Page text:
Sale mania

In retail a sale used to be an annual and special promotion. There used to be few if any pre-Christmas sales – that was traditionally a period of maximising turnover and maximum margins. Now sales are common right through the last months of the year.

For many outlets ‘sales’ now seems to be a weekly marketing tool – so much that unless you are desperate buying many things at non-sale price is foolish.

Rather than give people a break from sales after the commercially over-driven Christmas, an onslaught of post-Christmas sales has become the norm.

I saw ‘Boxing Day Sales’ being advertised on the afternoon of Christmas Eve. One large retailer advised that you could start shopping online for their Boxing Day Sale at 10:30 pm on Christmas Eve.

Boxing Day was full of sale mania – manic marketing and manic shopping.

It seems that it is now the biggest retail day of the year. That seems nuts to me. Christmas can be a very expensive time, so who would then want to load up the credit card even more or spend what’s left of their holiday pay? Many people, according to the ‘news’ (media outlets who benefit from the sales’ advertising give free promotions in a slow news period).

Sales are the new norm. Boxing Day sales will inevitably morph in to End of Year sales, then New Year sales, then marketing maniacs may have to get creative thinking of names for their promotions.

Shopping seems to have become an addiction, created and fed by retail chains. Many people seem to have become chained to over-commercialisation, and gross over-consumption. This adds to a lot of waste and rubbish and pollution.

Not everyone is afflicted. Many people will be on holiday (but some on holiday may simply have shifted their shopping addiction to a different location (albeit with largely the same retail chains).

I didn’t venture out at all yesterday, we had a family day at home. I did buy a lawnmower at a boxing day sale six years ago, but I don’t think I have indulged in post-Christmas wallet emptying since then.

Retail addiction has been given a euphemism – retail therapy. That’s a cynical and ironic description for a modern problem, trying to normalise the trashing of our planet as if we need and deserve it.

We will get what we deserve when we get sucked into sales we don’t need, to buy crap we don’t need, that adds pressure to our planet’s resources that it doesn’t need. Or if we manage to survive unscathed it will leave a burden for our children or grandchildren.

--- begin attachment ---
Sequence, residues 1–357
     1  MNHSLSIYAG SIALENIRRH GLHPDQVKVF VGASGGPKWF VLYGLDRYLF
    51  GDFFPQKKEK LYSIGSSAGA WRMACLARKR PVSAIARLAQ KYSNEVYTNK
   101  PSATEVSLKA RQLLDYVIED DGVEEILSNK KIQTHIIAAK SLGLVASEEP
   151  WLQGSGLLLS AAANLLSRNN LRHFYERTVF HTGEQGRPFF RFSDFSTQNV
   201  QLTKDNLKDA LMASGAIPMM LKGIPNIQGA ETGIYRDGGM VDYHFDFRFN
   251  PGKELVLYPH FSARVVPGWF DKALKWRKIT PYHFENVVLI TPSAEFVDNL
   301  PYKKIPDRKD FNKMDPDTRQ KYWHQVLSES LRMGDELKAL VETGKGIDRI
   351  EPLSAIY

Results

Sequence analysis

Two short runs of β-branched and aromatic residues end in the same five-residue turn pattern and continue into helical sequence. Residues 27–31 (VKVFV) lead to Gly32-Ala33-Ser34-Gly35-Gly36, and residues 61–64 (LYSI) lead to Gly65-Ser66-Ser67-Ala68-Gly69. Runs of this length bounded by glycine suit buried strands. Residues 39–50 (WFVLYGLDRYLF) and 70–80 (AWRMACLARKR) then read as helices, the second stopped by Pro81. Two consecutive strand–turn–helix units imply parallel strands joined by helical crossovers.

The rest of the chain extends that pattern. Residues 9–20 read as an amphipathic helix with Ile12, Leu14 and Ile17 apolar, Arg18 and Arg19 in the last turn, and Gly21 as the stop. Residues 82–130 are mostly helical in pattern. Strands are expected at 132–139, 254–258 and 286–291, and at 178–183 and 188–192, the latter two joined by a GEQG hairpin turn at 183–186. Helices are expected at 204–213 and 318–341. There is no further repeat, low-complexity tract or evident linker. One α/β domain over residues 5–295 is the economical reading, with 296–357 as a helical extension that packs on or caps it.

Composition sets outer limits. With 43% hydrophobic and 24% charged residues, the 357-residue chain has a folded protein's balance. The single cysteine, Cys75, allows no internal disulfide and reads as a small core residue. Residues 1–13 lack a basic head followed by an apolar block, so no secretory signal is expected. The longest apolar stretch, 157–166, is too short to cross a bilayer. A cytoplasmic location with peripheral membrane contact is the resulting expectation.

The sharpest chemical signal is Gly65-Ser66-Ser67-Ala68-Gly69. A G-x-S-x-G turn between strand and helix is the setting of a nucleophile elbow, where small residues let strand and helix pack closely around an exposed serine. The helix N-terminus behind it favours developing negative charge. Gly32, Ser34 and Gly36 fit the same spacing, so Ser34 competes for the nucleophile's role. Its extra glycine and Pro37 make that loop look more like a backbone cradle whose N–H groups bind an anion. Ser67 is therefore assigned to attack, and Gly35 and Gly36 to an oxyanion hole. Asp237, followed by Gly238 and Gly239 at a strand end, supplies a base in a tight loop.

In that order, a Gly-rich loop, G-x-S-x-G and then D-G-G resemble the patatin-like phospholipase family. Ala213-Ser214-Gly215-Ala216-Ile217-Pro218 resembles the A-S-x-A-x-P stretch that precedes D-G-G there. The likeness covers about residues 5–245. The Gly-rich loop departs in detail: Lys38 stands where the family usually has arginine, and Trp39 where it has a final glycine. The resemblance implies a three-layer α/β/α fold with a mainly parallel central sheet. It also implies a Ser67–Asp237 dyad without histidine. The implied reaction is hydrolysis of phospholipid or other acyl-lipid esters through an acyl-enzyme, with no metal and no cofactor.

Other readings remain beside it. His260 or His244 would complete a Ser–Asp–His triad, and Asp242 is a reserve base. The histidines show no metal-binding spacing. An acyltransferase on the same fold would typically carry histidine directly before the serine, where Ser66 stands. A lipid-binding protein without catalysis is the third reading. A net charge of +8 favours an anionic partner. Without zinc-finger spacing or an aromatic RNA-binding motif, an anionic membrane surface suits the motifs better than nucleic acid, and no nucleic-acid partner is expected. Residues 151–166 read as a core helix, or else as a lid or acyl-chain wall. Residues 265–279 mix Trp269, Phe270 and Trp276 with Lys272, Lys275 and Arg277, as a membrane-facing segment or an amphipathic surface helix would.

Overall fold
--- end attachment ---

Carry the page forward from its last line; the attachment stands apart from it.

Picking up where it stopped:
The retail spiral is out of control, with no sign of it abating. The population in general is addicted thanks to pervasive and calculated marketing messages.

Who needs a government to mind control their population when they can leave it to retail proxies? Of course the Government is complicit as they rake in the taxes. It has become a massive ponzi scheme, with no sign of a way of the ride to self destruction.

Boxing Day mauls

It used to be that commercialism urged people to spend up large for Christmas, and then everyone had a break after the 25th December.

If anything now commercialism cranks up a notch on Boxing Day – it actually starts before that with Boxing Day Sale advertising starting in Christmas Eve.

Shopping on Boxing Day isn’t a sin, although Jesus might describe our ongoing commercial onslaught as a din of thieves.

I went shopping on Boxing Day a few years ago, I wanted a lawnmower and I had the time to research the market and get a good Deal. But generally I avoid the madness of one of the busiest shopping days of the year, at the very time I am looking to relax and enjoy a break.

Boxing Day sales are likely to last a few days, and then will morph into New Year sales, which will morph into the same thing under a different name..

A decade or three ago a sale used to be an actual annual event, or perhaps one of two or three – annual sales and stock sales were the usual ones. I saw someone advertising a stock take sale for now – who does a stock take at this time of year?

With many things I wouldn’t consider buying them unless they were ‘on sale’, when they are not discounted 50-60% you pay to much, like double their market price at places like Briscoes.  But for big ticket items like appliances (and lawn mowers) even when they are not ‘on sale’ you can negotiate the prices down to virtual sale prices anyway. Kiwis have been pushed into haggling.

We all have to shop for stuff. The problem is when people are encouraged to but things they don’t need. We tend to buy too much junk, too many clothes, too much highly processed food that helps supply the diet industry with more customers and revenue.

Of course it is our choice if we go shopping and if we buy stuff we don’t need or we overindulge with.

But the increasing commercial onslaught drives more and more consumption resulting in more and more waste, and for those who can’t resist the pressure sales more and more health and financial problems.

The ‘shopping therapy’ will be out in force today.

I won’t be going anywhere near a shop, we have enough Christmas food in the fridge to last us a few days so can survive at home, or wherever we head in the opposite direction to the malls and mauls.

But as a society we are likely to continue to respond to commercialism with overspending and overloading our planet with over processed products made from overexploited resources.